How you can help
Now we get to the part that really matters. How can you help? First, be aware of your everyday choices. Reduce when you can. We use and throw away so much “stuff” that we really don’t need. I’ll say it again; we have become such a disposable society. Quick, easy, throw it away. It’s ridiculous how much packaging and how many unnecessary items float around in our everyday life. Try to cut down on the amount of plastics you use in the first place. Alternatives, such as reusable shopping bags, water bottles, and refillable containers can go a long way toward reducing the amount of plastics that enter the waste stream. Also, give preference to products labeled “made with recycled content.” If what you are buying has not been made with recycled content, than try to pick plastics that are labeled with a #1 or #2, which are locally recyclable. On a recent trip to the grocery store, I decided to be more aware. First I stopped in the salad dressing aisle. It was hard to go wrong there. Almost all salad dressing was marked with a #1, which means the container is recyclable. I didn’t need mustard, but just for fun I decided to turn over a few containers. Hmmmm, French’s yellow mustard containers were recyclable, Southern Home’s were not. Next I needed ketchup. Interesting, Hunts, yes, Heinz, yes. Wait, just next to it, Hunts, no, Heinz, no. Same price. I don’t have the answer to this, but I bought the recyclable one. BBQ sauce, all yes. Apple juice, mostly yes but not all. Syrup? Mrs. Butterworth and Log Cabin, yes, but Aunt Jemima, no. Almost all laundry detergent and fabric softener bottles were recyclable. Yogurt, sour cream, butter and cream cheese containers were not. They were all marked #5 which is not recyclable here on Hilton Head Island or most of the country. Did I buy yogurt? Sure I did. I like the stuff. I’m not telling you that you have to make drastic changes to your lifestyle to make a difference. If you like yogurt, then you should buy it. But if you’re buying mustard why not choose mustard in the recyclable container over the non-recyclable one?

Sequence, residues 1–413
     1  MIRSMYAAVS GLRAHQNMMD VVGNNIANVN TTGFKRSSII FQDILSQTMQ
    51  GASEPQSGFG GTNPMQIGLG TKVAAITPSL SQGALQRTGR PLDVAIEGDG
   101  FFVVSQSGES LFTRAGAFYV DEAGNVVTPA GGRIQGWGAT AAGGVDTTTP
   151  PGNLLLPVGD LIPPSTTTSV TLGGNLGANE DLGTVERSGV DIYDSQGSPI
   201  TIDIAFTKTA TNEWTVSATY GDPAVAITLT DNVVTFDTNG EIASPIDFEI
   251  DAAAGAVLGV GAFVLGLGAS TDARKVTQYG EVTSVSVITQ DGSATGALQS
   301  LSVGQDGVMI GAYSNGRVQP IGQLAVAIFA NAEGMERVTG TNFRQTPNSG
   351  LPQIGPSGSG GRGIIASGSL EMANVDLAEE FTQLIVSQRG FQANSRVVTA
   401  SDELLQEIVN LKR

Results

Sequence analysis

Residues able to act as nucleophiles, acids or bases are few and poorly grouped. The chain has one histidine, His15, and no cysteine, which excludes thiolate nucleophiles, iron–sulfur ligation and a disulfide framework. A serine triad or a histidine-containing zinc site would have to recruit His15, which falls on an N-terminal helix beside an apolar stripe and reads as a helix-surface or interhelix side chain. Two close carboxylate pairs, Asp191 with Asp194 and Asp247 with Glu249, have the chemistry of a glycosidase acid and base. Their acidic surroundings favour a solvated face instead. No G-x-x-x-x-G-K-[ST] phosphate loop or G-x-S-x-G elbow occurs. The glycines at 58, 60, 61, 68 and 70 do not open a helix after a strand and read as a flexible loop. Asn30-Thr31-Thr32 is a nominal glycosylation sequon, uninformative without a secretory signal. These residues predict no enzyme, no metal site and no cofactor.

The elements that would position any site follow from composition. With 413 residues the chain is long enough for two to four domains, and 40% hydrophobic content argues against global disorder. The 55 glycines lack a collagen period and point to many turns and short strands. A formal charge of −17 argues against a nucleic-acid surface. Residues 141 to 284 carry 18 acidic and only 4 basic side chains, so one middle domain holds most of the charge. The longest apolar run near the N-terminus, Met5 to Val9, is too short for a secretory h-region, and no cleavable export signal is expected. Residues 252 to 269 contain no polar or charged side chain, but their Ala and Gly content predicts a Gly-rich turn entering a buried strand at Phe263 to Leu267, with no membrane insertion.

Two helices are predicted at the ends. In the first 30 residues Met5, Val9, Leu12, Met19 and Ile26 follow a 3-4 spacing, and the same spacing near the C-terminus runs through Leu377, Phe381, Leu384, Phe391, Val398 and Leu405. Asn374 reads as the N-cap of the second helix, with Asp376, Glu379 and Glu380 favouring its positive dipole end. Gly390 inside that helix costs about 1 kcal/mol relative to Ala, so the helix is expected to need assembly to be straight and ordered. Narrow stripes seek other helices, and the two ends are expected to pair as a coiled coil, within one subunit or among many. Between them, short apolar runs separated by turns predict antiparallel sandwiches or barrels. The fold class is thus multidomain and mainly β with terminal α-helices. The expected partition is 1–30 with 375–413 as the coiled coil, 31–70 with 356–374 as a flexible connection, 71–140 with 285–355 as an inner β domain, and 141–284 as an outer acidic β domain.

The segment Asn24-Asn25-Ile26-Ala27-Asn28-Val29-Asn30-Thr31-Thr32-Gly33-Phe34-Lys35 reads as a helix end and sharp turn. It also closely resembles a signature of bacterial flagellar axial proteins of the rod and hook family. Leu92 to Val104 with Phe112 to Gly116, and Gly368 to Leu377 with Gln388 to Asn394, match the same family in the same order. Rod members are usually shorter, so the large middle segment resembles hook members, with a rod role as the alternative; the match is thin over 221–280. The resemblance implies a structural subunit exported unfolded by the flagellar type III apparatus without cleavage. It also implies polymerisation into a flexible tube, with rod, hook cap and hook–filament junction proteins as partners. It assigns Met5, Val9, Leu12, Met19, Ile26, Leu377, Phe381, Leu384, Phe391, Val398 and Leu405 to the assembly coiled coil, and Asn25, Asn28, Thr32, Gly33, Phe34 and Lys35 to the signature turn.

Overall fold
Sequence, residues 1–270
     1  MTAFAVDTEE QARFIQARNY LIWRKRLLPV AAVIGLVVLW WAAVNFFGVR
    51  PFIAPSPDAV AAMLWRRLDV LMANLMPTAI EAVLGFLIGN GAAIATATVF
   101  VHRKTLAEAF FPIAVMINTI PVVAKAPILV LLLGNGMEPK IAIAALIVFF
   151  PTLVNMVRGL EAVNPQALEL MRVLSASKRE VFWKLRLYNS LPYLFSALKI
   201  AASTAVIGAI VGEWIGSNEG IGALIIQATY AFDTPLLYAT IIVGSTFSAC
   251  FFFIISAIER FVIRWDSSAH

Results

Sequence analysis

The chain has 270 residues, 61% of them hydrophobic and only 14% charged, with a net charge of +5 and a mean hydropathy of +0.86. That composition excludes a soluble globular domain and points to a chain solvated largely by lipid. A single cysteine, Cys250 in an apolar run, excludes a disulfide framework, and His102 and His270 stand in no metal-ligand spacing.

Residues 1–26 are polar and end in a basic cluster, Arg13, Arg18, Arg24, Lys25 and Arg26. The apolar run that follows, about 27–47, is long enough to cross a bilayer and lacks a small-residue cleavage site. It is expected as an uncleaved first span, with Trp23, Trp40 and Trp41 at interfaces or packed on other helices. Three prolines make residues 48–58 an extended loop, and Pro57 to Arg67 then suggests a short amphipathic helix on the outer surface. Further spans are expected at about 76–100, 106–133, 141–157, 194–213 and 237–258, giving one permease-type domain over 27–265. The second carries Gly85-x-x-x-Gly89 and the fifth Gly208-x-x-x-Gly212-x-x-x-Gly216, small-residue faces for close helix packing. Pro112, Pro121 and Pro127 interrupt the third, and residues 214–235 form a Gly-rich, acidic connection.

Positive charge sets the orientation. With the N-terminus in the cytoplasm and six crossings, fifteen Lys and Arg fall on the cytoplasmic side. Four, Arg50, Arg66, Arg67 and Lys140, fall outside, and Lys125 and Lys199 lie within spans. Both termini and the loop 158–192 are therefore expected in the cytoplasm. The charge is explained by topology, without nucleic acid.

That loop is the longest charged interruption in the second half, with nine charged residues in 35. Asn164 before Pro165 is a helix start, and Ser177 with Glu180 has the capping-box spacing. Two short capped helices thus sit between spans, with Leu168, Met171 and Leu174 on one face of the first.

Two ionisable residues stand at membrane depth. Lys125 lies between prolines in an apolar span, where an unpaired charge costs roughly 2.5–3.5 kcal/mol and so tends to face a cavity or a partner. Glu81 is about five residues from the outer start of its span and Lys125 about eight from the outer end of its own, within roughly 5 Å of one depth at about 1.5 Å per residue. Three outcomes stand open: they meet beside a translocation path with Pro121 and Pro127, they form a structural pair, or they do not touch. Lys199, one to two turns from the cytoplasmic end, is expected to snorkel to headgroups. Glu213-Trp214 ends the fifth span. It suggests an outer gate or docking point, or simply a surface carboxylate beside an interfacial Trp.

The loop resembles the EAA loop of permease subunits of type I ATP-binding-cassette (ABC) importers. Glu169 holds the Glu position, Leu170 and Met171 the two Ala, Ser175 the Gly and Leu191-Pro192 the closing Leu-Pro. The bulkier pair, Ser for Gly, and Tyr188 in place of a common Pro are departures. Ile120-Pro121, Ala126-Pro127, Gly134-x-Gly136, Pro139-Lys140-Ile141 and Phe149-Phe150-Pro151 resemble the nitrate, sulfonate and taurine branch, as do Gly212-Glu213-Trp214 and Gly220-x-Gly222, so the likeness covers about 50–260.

The second way for you to help is to RECYCLE! Recycle only the things that the town asks for. Currently, because of the expense of sorting, collecting, cleaning and reprocessing, it is only economically viable to recycle #1 and #2 plastics in most areas of the country, including here on Hilton Head Island. Simply look within the universal recycling symbol (yep, that’s what it’s called) to see if there’s a #1 or #2 stamped in the plastic. If there is, then you can recycle it. If not, you cannot. Do not mix numbers 3-7 or unmarked plastics with your #1s and #2s. Different plastics melt at different temperatures, and attempting to recycle numbers other than #1 and #2 causes more work and takes more time for the employees at the recycle center who actually separate your recyclables by hand. They’ll just be throwing it away for you, which is not helpful to the whole process.
If you currently recycle, hopefully you will continue and maybe you’ve learned a little something here. Not long ago, I included all kinds of plastics in my recycling bin, thinking it was better than throwing them away. Now I know better. If you are not a recycler, I hope I have at least made you think. The Beaver wasn’t a big fan of some of the vegetables put on his plate, but wise Ward Cleaver knew it was best for him to eat them. You may not have enjoyed your vegetables as a kid, but you learned to like them and realized that they not only taste good but are good for you. Recycling is good for you, too. You can and should do your part to save our earth for generations to come. As always, you can e-mail me at firstname.lastname@example.org with any questions or suggestions.